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AZProgressive's Journal
AZProgressive's Journal
January 29, 2020

The Day I Realized I Would Never Find Weapons of Mass Destruction in Iraq

I rolled west from Baghdad in a convoy of soft-side Humvees. It was a morning in late June 2003, and I had traded a bottle of whiskey for the use of an American military police detachment as protection for a daylong mission to Abu Ghraib prison. As an intelligence officer for the Department of Energy assigned to the Iraq Survey Group — the American-led team searching for weapons of mass destruction in Iraq — I was scheduled to interview an Iraqi prisoner who had been captured weeks before, on suspicion of transporting stolen nuclear material. I couldn’t know it that morning, but the interview would entirely change my perspective on America’s involvement in Iraq, and set me on a decades-long course of struggling with the false narratives used to persuade us to march into that conflict and other ones.

I gripped my pistol tightly as we moved along in the doorless vehicles, occasionally pointing it in the direction of anything that came near the convoy. I had borrowed the weapon — no more than a party favor in that bacchanal of R.P.G.s and gold-plated Kalashnikovs — from a fellow intelligence officer, who asked me to return it with all of its bullets.

As we approached the outskirts of the prison, the road narrowed, and we drove through a frenetic marketplace. During Saddam Hussein’s long rule, families of Abu Ghraib prisoners had made the area their home, and many stayed there after Hussein had released his prisoners in the lead-up to the war. As our oversize vehicles stalled traffic and disrupted local business, men cursed us and spat on the ground. A butcher stared me in the eyes and hacked deeply into a hanging goat carcass. Children came within an arm’s length, demanding handouts and laughing mockingly.

Finding the entryway to the prison was a relief — until an American service member explained that a convoy had been struck just outside the facility by a roadside bomb the day before, severing one soldier’s spine. A young guard manning an M60 machine gun waved us in while keeping his weapon aimed in our direction. I hardly felt safer than I did outside — the place was under a constant threat of attack.


January 28, 2020

Amnesty International Says Possible Saudi Arabia Purchase Of Newcastle United Is 'Blatant Whitewash'

Amnesty International Says Possible Saudi Arabia Purchase Of Newcastle United Is ‘Blatant Whitewash’ Of Khashoggi Murder

The rumored $444 million (£340 million) purchase of Newcastle United Football Club by Saudi Arabia’s sovereign wealth fund has come under fire today from human rights group Amnesty International. The group claims that the deal is “sportswashing, plain and simple” and a cynical attempt to use Premier League football to mask the country’s “abysmal” human rights record.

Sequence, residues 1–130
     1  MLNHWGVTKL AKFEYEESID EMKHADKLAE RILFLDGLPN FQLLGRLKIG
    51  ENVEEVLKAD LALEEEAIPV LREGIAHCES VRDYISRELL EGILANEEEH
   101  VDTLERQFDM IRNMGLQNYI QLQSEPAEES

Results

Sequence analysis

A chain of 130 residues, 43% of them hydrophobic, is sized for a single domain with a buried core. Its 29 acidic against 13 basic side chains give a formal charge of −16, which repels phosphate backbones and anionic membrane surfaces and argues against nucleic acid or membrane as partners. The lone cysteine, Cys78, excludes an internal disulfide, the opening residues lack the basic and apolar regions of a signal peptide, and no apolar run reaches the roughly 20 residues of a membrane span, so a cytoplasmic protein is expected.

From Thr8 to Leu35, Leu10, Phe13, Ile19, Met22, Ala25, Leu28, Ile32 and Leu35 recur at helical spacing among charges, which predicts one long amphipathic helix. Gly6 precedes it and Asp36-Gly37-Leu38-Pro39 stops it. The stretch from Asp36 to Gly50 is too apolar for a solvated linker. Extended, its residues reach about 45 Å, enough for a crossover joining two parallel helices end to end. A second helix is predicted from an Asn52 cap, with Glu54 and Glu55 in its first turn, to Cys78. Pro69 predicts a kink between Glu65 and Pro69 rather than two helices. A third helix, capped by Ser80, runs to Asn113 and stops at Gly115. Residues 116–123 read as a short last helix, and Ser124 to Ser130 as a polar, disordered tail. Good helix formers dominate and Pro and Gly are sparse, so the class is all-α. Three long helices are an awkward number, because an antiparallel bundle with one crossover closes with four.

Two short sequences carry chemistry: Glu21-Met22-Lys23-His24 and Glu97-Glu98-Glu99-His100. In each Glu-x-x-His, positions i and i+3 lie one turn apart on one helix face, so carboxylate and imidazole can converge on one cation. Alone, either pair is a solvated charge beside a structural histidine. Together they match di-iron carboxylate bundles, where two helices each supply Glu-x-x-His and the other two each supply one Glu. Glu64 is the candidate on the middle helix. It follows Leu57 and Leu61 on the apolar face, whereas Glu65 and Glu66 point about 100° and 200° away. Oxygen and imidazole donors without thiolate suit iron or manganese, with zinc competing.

Commenting on reports that Newcastle United Football Club may be taken over by Saudi Arabia’s sovereign wealth fund, Felix Jakens, Amnesty International UK’s Head of Campaigns, said the takeover of Newcastle United doesn’t come as a major surprise.

A statement from Amnesty International claims: “Saudi Arabia is well-known for its attempts at ‘sportswashing’—trying to use the glamour and prestige of top-tier sport as a public relations tool to distract from the country’s abysmal human rights record.

“Under the Saudi Crown Prince Mohammad bin Salman, there’s been a sweeping human rights crackdown . . . There’s been a blatant whitewash over Jamal Khashoggi’s grisly murder, there are continuing concerns over Saudi hacking, and the Saudi-led military coalition in Yemen has a bloody record of launching indiscriminate attacks on homes and hospitals,” the statement from Amnesty International continues.



La Liga Chief Claims Saudi Arabia Is Using Sports to ‘Whitewash’ Reputation

LONDON — In European soccer’s relentless search for growth and new revenues, Spain’s La Liga has been among the most aggressive of the continent’s top leagues.

Under a plan hatched and pressed by its chief executive, Javier Tebas, La Liga has planted its flag across the globe, opening offices in far-flung cities — not just obvious markets like New York and China, but also in Belgium and Singapore and South Africa, among others — in a bid to scoop up new fans and television and sponsorship dollars.

Tebas has even gone to court in the United States in an effort to hold a league game outside Spain. But there is one red line Tebas said that he is unwilling to cross: La Liga and its teams should not, he argued, be playing matches in Saudi Arabia.

To Tebas, the kingdom, despite its high-profile campaign to rebrand itself as a modern and tolerant society led by a youthful crown prince, should not be permitted to use international sporting events to mask its record of human rights abuses.


January 15, 2020

The purple haze over Arizona was caused by a marijuana farm, but it's not what you think

(CNN)The light from a medical marijuana farm filled the sky over Snowflake, Arizona, with a strange, purple glow on a recent foggy morning.

Cara Smith took a picture of the scene about 6:30 a.m. Friday on her way to work at Copperstate Farms, the largest medical marijuana wholesaler in the state.

She lives about two miles west of the farm and says she can't usually see the lights from her house.

"The purple lights are always there but don't usually light up the sky like this," she told CNN. "It had snowed that morning and was still very foggy and cloudy."


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